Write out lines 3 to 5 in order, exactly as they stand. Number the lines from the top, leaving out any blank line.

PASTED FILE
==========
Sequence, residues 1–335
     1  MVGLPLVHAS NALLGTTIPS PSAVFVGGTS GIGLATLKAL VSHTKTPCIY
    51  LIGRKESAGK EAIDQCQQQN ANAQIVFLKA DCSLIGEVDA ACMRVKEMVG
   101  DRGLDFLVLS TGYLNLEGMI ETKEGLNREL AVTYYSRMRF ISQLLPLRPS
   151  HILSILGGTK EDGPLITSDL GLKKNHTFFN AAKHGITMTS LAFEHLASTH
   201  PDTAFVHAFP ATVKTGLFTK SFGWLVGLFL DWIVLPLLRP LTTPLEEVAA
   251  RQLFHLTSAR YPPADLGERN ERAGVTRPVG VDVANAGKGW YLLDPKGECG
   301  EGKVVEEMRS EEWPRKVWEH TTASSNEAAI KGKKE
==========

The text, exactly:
    51  LIGRKESAGK EAIDQCQQQN ANAQIVFLKA DCSLIGEVDA ACMRVKEMVG
   101  DRGLDFLVLS TGYLNLEGMI ETKEGLNREL AVTYYSRMRF ISQLLPLRPS
   151  HILSILGGTK EDGPLITSDL GLKKNHTFFN AAKHGITMTS LAFEHLASTH